“JoeWill: BetterTogether” Art Exhibit Opens


Lawrance knew their identical twin sons had special talents when they saw the cartoon caricatures and 3-D sketches the boys were churning out in grade school. As Jan says, they were “just a little more advanced” than their classmates. Could mom be a bit biased? Absolutely. But it turns out she was right. 

A new exhibit showcasing the extraordinary works of Joe and Will Lawrance opened Monday at the Indianapolis Art Center (IAC). JoeWill: BetterTogether features more than 100 pieces—paintings, sketches, sculptures, mixed media, and architectural drawings from the twins’ days at North Central High School through post-college.

The Lawrances, along with their daughters Devin and Erin, attended a private reception Saturday for family and friends. “I was overwhelmed,” Mark says. “The way it was put together; the total was much greater than the sum of its parts.” The couple says they felt a groundswell of emotion as they absorbed the magnitude of the exhibit, which encompasses the Churchman-Fehsenfeld Gallery and Basile Exhibition Hall. “It was almost too grand to take in with one swoop. I just felt an overwhelming sense of joy and gratitude,” adds Jan.

The couple was especially moved by the JoeWill typeface used in the signage and summaries and descriptions of each piece. A graphic artist created it by combining the twins’ writing styles. “It really felt like you were reading their writing,” Jan says. “Their sense of presence was there. You could almost hear their voices.”

The exhibit was inspired by “A Tragic Symmetry,” a piece that appeared in the April 2022 issue of Indianapolis Monthly. It tells the story of the twins’ inseparable bond and their innate artistic talents. Though they were “men of few words,” as Jan describes, the twins never shied away from revealing themselves on canvas, even when it was less than flattering.

A large self-portrait Will did in high school, affectionately titled “Big Face” by family and friends, shows him with disheveled hair and blemishes, a mirror image of the artist. Joe’s senior portrait, composed of thousands of tiny magazine clippings, also depicts a certain forlornness. Both pieces won national awards.

The twins’ deep connection became painfully clear after boys separated for college, with Joe winding up at The Cooper Union’s School of Architecture in New York and Will at the School of the Art Institute of Chicago. The Lawrances say while Joe and Will found their classes challenging and fulfilling, they struggled being apart.

Each sought treatment for depression, anxiety, and, later, substance abuse disorder, challenges that continued throughout their lives. Both died by suicide six years apart. Will was 26 years old. Joe was 32. Given the unimaginable loss, the works the twins left behind were all the more treasured by loved ones. “It’s just good to see what they might have been thinking at the time. That’s what I get, how these [artworks] still talked to me after they passed away,” shares Mark.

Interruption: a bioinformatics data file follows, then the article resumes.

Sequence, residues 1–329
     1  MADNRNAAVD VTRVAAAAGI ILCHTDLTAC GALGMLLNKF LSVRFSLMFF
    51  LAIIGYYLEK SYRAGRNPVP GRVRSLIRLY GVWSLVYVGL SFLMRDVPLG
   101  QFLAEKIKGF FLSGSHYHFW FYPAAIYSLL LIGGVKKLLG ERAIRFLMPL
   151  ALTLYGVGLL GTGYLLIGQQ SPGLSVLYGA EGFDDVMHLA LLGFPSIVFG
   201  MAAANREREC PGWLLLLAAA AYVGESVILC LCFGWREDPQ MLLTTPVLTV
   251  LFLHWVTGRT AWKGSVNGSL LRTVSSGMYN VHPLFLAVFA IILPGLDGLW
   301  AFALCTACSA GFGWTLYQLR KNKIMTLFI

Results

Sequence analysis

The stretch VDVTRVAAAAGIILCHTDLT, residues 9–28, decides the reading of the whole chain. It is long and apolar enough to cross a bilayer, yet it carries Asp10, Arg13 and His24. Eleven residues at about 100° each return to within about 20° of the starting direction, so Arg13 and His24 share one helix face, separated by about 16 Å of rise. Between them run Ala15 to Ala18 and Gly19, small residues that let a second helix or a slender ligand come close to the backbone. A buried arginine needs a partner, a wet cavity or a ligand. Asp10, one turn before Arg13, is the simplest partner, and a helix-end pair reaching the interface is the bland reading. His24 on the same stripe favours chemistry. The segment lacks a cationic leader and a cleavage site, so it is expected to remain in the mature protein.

In recent years, friends and relatives have suggested pursuing a venue to showcase the twins’ work. The opportunity came last year after IAC executive director Mark Williams read the Indianapolis Monthly piece and reached out to the Lawrances. After meeting Mark and Jan, it wasn’t a question of if there would be an exhibit, but when. Williams calls the twins’ “range of diversity and talent across multiple mediums an extraordinary and rare gift.”

The IAC averages 20 student and community-based shows a year. These are typically planned three years in advance, but Williams didn’t want to wait. He saw an opportunity to link the Lawrance exhibit with Mental Health Awareness Month in May, also adding a “wellness village” to the annual Broad Ripple Art Fair (which runs May 20–21 this year.)

“Being a community art center, our focus is on the well-being of the community,” he says. “It’s a unique kind of place that can host supportive conversations around contemporary social issues, and mental health is at the top of that list.”

Within a few months, JoeWill: BetterTogether was on the calendar with preparations underway. The exhibit also includes a series of videos that follow the boys burgeoning interest in art from childhood on, as told through the eyes of their parents and two high school art teachers. In another video, “Breaking the Stigma,” a mental health counselor addresses depression and suicide, how to get help, and how to help others.

Before opening night, Williams wondered if the exhibit would be a solemn event. “I knew it was emotional for the family, but just seeing the community come together to celebrate [Joe and Will], that was inspiring to me,” he says.

Jan compared the evening to a great, big hug. “When you talk about people who are gone, it keeps them present,” she says. “It couldn’t have been a better celebration.” JoeWill: BetterTogether runs through May 28, and admission is free.


Read “A Tragic Symmetry,” a piece that appeared in the April 2022 issue of Indianapolis Monthly